Some years later, however, we see him as a dispirited shopkeeper, hanging around the opium dens of Limehouse. Curiously, Griffith uses what one might call flash present (as opposed to flashback or flashforward) as he muses on his present existence: a brothel, an opium den, a gambling table where he again intervenes in a fight.

    Also living in Limehouse are the prizefighter Battling Burrows (Donald Crisp), a brute with a permanent scowl, and his pathetic daughter Lucy (Lillian Gish) who drifts aimlessly around the docks, hunched over as if expecting a blow. She is perhaps fourteen, halfway between girl and woman. Burrows bullies her cruelly (and to an eye of today, she was probably sexually abused as well as emotionally and physically beaten). Griffith gives her, like Cheng, two flash presents. A married woman, beset with many children (no Planned Parenthood here!) and a brutal husband tells her not to get married. Two prostitutes warn her off their trade too. Those are the only two choices for the women of Limehouse.

     When she returns to Burrows’ slum, he yells at her and forces her to smile at him. So downtrodden is she that she cannot smile from inside, but has to push the corners of her mouth up with her fingers. He makes her wait on him as he piggishly eats (echoing the American sailors in China).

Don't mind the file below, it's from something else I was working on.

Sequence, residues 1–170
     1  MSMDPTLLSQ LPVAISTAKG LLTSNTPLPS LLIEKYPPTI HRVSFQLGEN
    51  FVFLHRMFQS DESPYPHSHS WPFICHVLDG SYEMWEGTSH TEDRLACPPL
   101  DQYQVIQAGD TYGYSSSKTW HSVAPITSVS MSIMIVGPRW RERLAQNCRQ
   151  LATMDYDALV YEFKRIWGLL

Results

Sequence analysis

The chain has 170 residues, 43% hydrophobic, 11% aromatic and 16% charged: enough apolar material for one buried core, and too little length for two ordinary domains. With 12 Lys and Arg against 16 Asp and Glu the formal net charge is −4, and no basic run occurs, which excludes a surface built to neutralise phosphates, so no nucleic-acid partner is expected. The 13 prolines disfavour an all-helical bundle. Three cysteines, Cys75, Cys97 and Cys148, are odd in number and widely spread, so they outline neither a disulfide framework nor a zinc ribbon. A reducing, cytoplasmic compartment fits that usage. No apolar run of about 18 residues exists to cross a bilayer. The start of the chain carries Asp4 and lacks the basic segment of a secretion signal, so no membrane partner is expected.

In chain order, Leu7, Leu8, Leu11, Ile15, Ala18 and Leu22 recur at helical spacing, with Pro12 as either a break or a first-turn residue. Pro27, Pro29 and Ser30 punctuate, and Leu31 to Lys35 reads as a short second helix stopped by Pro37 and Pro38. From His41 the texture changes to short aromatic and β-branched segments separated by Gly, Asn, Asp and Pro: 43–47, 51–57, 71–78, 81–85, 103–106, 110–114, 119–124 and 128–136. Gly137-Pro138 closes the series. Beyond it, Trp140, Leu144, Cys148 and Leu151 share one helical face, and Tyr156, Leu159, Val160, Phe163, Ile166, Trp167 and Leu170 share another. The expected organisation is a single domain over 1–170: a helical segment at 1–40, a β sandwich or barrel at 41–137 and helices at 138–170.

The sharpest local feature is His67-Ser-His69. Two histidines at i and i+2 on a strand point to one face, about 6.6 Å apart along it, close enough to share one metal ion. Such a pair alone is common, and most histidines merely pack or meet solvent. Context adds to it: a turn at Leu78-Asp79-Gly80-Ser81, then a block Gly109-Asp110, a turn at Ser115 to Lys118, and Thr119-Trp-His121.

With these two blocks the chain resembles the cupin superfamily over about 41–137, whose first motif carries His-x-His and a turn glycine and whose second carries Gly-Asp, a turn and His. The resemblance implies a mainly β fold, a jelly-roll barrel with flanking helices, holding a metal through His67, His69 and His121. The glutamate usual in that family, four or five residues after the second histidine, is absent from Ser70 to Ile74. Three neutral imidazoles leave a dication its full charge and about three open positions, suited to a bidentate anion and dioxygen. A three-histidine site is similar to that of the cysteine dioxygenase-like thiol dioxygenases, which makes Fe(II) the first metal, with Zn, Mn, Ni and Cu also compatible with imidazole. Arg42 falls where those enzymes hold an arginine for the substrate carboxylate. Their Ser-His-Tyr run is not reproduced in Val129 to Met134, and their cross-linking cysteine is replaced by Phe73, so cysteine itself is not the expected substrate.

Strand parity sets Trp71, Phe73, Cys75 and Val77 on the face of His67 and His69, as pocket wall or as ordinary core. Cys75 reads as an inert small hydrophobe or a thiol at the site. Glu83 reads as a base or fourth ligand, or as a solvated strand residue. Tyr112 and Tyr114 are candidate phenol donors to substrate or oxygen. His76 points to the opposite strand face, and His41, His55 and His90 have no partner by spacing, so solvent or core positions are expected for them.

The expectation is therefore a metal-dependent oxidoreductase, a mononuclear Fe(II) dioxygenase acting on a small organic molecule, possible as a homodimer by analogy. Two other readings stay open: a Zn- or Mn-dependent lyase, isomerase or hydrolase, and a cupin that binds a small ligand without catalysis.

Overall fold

When Burrows leaves, we return to Cheng. Two passing missionaries tell him one of them is going to China to “convert the heathen.” They give him a tract on Hell—hardly needed in Limehouse.

    Lucy digs out her few treasures that she has hidden under a brick, a hunk of tin foil, a letter and a ribbon from her non-existent mother. She goes out to shop, pathetically trying to buy a flower with the tin foil, but she doesn’t have enough. Cheng, seeing her, falls in love with her and rescues her from the blandishments of another Chinese, Evil Eye.

     Meanwhile, Battling’s manager finds him in a saloon and insists again that he give up drinking and whoring. In a rage he goes home—no Lucy. When she does come, he takes his fury out on her for not having his tea on the table as soon as he demands. Because some hot food spills on his hand (his own fault), he takes out a whip and beats her, then goes off to train for his next fight.